Gingko biloba and the Tebonin extract – Tree of Life?




new research on Gingko biloba excites science



A tree that dinosaurs fed on, a tree that grows 30m tall and lives for a thousand years, may hold secrets to a longer and healthier life. The last of its kind, Gingko biloba is the oldest surviving relic of a time long past. IAN WISHART reports on its growing use as a medical must-have


It was a throwaway reference that turned up while researching retinal damage for this issue’s blue light story, but it’s funny how diverting down a rabbit hole can lead to a whole new paradigm.

The reference suggested the herbal extract gingko biloba, and more specifically the purified pharmaceutical extract EGb-761, may have a protective effect against retinal damage to your eyes caused by light exposure.

EGb-761? This magazine has written about that extract before in its pages. It’s probably better known by its trade name, Tebonin, prescribed worldwide as a treatment for tinnitus, vertigo and other conditions. Now eye health as well.

The implications are serious. As the lighting feature shows, the massive growth in exposure to high intensity white and blue light from our current crop of computer screens, smartphones, tablets LED TVs, LED house lighting and CFL energy ‘efficient’ lightbulbs, may be pushing us towards blindness by our seventies – an increasingly dark prospect in every sense of the word.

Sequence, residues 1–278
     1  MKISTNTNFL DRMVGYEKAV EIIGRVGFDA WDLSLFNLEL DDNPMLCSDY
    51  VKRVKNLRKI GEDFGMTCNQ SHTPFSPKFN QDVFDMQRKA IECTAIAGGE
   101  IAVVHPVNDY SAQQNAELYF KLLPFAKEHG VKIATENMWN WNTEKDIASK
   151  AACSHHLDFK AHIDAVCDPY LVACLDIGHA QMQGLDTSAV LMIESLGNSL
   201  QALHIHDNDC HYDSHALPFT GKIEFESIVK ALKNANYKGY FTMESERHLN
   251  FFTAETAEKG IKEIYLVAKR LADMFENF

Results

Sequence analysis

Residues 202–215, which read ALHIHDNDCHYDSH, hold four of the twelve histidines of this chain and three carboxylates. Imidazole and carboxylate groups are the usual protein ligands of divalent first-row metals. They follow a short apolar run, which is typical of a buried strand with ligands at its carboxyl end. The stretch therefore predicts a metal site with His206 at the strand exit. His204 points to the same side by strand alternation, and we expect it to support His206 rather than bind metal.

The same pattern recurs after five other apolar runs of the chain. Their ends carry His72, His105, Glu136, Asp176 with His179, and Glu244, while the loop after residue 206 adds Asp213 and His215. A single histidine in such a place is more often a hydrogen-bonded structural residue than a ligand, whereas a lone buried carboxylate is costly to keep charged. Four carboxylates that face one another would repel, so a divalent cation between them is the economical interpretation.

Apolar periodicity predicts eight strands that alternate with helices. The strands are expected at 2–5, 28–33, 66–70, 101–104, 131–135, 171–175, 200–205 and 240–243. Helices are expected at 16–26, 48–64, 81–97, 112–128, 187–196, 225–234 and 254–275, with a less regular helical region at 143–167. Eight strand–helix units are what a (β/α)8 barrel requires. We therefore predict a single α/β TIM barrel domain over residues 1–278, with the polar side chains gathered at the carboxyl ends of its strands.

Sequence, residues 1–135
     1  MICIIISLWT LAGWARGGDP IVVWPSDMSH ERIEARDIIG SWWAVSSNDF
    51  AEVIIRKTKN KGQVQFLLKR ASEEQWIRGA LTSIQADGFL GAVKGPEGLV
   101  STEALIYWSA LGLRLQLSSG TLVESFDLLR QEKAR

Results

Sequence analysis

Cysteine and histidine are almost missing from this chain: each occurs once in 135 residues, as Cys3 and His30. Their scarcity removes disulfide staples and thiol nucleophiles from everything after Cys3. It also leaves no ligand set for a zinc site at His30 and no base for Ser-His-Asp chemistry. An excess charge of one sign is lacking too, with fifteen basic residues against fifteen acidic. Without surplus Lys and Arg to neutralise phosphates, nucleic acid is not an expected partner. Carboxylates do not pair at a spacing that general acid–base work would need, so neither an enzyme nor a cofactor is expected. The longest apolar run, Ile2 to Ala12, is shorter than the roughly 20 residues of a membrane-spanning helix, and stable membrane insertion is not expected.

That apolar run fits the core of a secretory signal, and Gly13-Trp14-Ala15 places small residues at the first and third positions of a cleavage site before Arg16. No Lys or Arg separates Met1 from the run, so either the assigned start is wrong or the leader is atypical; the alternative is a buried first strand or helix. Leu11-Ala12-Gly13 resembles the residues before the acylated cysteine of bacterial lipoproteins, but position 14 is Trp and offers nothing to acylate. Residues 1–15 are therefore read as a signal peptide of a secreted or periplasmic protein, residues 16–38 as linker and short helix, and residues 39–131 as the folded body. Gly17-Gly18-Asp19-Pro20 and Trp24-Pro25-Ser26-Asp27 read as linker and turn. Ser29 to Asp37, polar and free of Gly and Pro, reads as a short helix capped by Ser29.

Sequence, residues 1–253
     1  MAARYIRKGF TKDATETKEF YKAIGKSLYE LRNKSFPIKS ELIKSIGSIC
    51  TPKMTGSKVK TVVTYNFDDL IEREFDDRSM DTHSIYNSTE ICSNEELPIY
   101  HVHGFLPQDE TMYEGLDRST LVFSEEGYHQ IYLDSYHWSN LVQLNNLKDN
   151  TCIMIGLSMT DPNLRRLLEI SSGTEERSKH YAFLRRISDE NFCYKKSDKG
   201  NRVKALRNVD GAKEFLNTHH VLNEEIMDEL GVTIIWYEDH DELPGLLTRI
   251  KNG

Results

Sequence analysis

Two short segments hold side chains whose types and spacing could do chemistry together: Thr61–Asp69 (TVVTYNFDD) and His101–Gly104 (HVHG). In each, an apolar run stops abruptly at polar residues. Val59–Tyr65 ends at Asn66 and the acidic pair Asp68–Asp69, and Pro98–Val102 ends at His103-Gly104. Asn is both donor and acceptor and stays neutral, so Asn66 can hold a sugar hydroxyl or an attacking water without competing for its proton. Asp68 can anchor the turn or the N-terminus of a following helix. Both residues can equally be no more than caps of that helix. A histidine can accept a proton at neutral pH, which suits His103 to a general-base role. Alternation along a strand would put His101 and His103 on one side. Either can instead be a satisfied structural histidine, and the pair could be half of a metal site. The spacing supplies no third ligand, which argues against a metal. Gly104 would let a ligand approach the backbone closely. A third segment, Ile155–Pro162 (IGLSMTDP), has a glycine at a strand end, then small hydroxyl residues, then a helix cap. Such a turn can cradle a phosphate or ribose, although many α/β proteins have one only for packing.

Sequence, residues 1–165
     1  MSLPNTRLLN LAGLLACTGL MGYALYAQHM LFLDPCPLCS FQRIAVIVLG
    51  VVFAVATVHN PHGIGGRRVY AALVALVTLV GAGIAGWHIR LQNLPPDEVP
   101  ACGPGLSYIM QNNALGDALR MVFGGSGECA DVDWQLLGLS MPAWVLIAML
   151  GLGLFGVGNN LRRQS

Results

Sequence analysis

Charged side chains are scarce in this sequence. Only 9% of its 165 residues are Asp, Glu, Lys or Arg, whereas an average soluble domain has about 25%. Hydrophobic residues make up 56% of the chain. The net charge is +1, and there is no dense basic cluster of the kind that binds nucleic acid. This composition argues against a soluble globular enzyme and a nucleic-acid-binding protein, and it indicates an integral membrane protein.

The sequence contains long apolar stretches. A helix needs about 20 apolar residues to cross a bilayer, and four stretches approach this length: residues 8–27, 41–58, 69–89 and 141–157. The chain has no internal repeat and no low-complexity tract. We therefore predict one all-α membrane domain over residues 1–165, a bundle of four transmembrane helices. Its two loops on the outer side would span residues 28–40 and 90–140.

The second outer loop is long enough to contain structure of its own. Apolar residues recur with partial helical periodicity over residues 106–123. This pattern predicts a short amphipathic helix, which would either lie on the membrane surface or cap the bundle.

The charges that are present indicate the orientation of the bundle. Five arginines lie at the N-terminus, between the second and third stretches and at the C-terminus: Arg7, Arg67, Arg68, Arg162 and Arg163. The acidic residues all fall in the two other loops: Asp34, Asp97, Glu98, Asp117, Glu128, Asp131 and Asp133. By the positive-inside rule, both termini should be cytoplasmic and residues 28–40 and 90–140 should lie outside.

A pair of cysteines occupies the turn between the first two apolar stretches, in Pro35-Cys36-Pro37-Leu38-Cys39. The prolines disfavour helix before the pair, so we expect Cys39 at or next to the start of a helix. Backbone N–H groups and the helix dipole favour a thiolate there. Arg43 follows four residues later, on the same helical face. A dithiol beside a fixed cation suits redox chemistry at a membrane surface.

There’s no magic potion that will instantly cure or remove the threat, and wearing yellow sunglasses while watching TV or working in an office may be the best thing you can do, even if it is a crime against fashion, nonetheless the latest Tebonin study bears some thinking about because it suggests you could slow down the speed of eye degeneration.

The key lies in the anti oxidant properties of Tebonin:

“The anti-oxidant action of EGb-761 is due to its flavonoid glycosides, which can scavenge oxygen free radicals and lipid peroxides,” it reports, which is a technical way of saying the extract helps mop up some of the causes of retinal degeneration that are a by-product of light exposure. “Thus, EGb-761 can protect against light-induced retinal damage.”[1]

The idea that taking a supplement could be a major weapon in the fight against eye strain and degeneration caused by light emitting electronics is one plus, but once you venture down the Tebonin rabbit hole you find others.

For possibly the same reasons that it protects against light damage in the eyes, Tebonin is now being tested as a possible anti-aging product for the skin. Because of ethical issues involving such a test on humans, given the skin cancer risk, Chinese researchers used lab mice and a culture of human skin cells in two separate experiments with Tebonin over a period of months. They wanted to find out whether topical application of the purified gingko biloba extract on the skin could protect against sun and UV light damage. The results were astounding.